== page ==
What It’s Like.

I hadn’t heard of Grave’s Disease until the morning I began drug therapy to treat it, so I don’t mind when people ask me what it’s like or what it is. The issue becomes when I have their full attention and I see the light go out of their eyes because I’m not delivering the goods. A Grave’s overview doesn’t exactly bring the heat.

“Well, one night last year, as summer was really getting going, I had trouble falling asleep,” I’ll begin. “And then, I noticed an odd tremor in my right shoulder, followed by increased headaches.”

By the time I launch into when the anxiety was full-blown and I was sweating all the time, the crowd has mysteriously dispersed to the bar for another round. Or to check their phone. Or to wait what were you saying again?

So, Grave’s Disease is an autoimmune disease that affects the thyroid and causes it to over-produce. When the thyroid is in overdrive, the body goes berserk – it causes your heart to beat too fast, your thoughts to race. It causes insomnia, sweating and tremors, your eyes to bulge out. Before I knew I had the disease, I actually thought I was going insane. At first, the symptoms are easy to rationalize away – Oh, I live in New York, of course I can’t sleep and am anxious. Oh, it’s summertime, no wonder I’m having hot flashes…at age 30. Eventually, the symptoms culminate in such irrational thoughts and behaviors, you wind up at the doctor or in the emergency room. That was my experience. I’ve talked to a number of wide-eyed folks who share the same. (Yes we know, our eyes are huge).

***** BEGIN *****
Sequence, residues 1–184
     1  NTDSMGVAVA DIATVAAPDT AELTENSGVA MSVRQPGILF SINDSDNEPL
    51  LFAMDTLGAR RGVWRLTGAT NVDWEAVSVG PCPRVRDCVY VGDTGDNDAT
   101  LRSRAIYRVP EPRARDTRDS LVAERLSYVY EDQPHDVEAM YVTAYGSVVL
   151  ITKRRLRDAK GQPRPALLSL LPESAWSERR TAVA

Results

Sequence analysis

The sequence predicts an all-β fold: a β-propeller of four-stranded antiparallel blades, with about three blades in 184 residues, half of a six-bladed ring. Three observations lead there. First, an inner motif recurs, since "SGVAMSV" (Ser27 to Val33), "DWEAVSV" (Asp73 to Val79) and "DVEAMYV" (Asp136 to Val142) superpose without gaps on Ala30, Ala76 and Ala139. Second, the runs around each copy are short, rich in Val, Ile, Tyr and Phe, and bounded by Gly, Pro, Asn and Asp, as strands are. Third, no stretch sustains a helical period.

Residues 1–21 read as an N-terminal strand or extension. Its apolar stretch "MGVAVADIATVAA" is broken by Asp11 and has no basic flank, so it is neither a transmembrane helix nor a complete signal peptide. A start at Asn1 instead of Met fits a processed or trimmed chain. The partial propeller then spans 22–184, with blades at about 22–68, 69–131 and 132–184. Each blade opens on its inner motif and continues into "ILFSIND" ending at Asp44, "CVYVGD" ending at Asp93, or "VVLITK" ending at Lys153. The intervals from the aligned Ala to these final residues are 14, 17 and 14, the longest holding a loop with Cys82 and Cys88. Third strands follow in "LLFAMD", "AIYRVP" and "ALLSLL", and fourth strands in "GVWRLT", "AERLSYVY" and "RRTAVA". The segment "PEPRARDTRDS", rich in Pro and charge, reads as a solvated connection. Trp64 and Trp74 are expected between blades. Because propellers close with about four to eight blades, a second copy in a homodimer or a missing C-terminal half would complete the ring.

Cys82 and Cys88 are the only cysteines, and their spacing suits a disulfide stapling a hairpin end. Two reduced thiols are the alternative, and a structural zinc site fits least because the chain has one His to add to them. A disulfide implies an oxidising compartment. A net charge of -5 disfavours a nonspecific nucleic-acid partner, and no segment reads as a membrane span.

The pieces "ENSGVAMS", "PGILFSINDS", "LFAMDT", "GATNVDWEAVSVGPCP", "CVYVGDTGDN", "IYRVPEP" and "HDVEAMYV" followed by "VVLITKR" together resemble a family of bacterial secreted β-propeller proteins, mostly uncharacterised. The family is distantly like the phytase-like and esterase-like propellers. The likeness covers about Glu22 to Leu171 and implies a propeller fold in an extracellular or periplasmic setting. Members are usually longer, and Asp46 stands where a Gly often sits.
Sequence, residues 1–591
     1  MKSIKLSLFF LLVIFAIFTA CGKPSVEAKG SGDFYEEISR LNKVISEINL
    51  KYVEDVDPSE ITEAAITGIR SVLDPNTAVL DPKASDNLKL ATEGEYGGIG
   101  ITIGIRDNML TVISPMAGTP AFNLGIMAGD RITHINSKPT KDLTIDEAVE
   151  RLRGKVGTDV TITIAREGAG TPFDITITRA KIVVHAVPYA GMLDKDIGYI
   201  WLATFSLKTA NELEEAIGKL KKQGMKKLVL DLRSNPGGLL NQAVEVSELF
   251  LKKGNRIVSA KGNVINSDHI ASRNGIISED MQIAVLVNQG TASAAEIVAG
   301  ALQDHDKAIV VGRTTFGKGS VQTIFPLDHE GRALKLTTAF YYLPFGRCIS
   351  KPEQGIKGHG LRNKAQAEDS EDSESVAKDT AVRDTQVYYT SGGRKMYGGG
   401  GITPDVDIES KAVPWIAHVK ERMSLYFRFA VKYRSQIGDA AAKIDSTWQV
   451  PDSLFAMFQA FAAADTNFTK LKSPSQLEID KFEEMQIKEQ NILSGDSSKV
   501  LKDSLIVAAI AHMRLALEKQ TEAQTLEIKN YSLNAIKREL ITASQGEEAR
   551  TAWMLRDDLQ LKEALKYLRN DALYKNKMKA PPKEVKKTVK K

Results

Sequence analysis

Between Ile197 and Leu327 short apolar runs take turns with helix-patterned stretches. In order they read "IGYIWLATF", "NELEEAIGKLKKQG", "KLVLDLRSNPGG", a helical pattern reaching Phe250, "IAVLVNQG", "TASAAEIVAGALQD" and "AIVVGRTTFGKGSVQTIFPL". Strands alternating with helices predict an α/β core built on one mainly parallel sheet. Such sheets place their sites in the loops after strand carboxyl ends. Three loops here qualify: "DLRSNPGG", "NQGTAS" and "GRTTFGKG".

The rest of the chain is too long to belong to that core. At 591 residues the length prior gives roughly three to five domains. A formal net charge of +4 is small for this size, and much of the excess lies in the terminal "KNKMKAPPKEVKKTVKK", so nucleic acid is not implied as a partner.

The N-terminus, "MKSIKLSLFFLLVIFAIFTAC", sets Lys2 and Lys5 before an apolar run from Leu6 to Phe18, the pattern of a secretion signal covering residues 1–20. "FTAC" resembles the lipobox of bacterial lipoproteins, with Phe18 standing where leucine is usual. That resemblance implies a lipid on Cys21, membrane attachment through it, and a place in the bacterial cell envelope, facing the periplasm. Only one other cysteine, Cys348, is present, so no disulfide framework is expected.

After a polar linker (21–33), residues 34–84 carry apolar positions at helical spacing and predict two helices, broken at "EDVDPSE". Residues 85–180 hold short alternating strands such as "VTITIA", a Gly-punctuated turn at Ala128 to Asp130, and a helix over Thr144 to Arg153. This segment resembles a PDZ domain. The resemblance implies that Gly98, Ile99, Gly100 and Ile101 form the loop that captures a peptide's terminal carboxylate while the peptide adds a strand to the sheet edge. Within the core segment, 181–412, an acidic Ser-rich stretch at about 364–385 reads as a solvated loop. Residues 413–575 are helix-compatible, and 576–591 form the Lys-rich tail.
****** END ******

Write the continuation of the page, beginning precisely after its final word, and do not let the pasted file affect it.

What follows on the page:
What There Is:

Dizziness, fogginess, anxiousness

Wondering if it counts as illness when you feel OK. Wondering if this is the best it will ever be when you don’t

Occasionally wearing sunglasses at night to use the computer

Frequent eye drops. More ibuprofen. Less booze. Sweating with caffeine

Knowing the location of every public restroom near the 4/5 train stops on your commute to work

Waiting for Missy Elliot to agree to a Walk for the Cure, for godssake

Occasional growth of things where they don’t belong, like nodules. Occasional loss of things where you’d prefer they stay, like hair

An entry point of conversation with Sia

What There Isn’t:

Bleeding, dying, smoking

General clinging to life

Things falling out, or off

Consistent information on what not to eat (or wear, for that matter)

A cure

Better answers

Certainty

At present, I don’t look sick. Today, thankfully, I do not feel sick. When I explain that I am being treated, there is the collective and conclusive urge to wrap it all up, to proclaim “You’re well at last!” And for me to say “Yes, it’s OK!” so we can end our conversation and move on.  To discuss an ongoing and incurable disease is to agree to a narrative without climax. My particular illness moves in fits and starts. One morning early last winter I woke up with an odd feeling in my head, and blacked out mid hallway shuffle to the bathroom. Other days I shell out exorbitant amounts of money for New York spinning class and feel like a tigress.

This is what it’s like.

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